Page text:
This month’s tenth planet found in Kuiper Belt – anyone following the links on the right of the BBC’s story will find many remarkably similar stories in the archives, though my favourite extra planet story is still this one (itself the runner up for best ever BBC space story, second to this and its terrific pub-quiz-busting punchline). Meanwhile, what of Sedna? It has to stand a chance of acceptance – it’s got better planet PR than Quaoar, which stumbled at the first cosmic hurdle by, well, being called Quaoar. Reading these articles I get the feeling most of the astronomers concerned would be quite happy with none of these blobs of rock being called ‘new planets’, but that Pluto has muddied definitions too much. I imagine the words “Bloody Pluto!” ring out when one of these stargazing bods picks up the paper and sees this kind of story (unless it’s their new planet of course, that’s a different matter).

If Pluto was downgraded to not-planet itself it would be a big shock: like many a curious child the names of the planets were one of the first things I ever learned. It’s actually odd to think that there are people still alive who will have clear memories of an extra planet being glommed on to our Solar System in the first place – what did they think? did they care? how long did it take for Pluto to become just part of the rote fact-baggage people carry around.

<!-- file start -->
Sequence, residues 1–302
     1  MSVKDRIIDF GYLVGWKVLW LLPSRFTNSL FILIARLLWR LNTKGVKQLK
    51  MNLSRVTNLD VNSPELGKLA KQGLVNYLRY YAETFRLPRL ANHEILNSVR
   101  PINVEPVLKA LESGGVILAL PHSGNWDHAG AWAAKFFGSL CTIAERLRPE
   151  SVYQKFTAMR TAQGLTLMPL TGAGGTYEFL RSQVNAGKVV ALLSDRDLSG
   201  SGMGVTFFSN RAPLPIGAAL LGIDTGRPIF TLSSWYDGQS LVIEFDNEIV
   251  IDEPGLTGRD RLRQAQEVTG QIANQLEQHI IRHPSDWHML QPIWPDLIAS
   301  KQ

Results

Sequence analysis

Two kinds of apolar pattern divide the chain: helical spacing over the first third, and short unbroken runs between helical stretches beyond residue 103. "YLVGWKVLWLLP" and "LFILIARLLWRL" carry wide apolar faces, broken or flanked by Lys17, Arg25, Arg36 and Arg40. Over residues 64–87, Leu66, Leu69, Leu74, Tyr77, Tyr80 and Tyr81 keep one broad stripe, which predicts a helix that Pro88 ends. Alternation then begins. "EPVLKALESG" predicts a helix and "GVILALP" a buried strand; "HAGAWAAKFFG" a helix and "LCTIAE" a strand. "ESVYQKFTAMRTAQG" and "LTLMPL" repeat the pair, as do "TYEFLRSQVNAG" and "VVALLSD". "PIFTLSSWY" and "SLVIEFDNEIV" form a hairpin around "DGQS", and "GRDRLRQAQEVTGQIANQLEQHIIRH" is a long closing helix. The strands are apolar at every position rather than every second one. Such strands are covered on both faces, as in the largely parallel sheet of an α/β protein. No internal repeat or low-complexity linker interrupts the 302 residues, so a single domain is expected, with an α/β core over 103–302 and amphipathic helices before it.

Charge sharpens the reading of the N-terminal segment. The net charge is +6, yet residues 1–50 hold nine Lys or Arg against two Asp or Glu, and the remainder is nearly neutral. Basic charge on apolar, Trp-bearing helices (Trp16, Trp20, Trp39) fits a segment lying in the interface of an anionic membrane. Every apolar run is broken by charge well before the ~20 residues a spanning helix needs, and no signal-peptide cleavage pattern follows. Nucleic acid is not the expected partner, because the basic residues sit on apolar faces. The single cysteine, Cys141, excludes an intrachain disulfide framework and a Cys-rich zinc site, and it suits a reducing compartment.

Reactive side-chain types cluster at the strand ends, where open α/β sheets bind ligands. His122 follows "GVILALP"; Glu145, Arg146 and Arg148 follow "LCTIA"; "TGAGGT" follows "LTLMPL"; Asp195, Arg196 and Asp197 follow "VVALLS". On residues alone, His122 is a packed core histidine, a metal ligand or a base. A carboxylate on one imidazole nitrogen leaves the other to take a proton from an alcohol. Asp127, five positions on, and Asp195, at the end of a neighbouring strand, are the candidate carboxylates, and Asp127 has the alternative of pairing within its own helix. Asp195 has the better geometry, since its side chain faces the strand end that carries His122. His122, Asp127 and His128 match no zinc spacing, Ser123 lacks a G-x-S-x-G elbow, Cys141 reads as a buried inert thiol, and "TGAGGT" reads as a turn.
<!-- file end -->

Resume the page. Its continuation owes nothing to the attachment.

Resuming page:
It’s an interesting question in general I reckon – facts you grew up with that have been proved wrong. I can’t think of any offhand, that may just be because it’s 9 in the morning though.

Proven By Science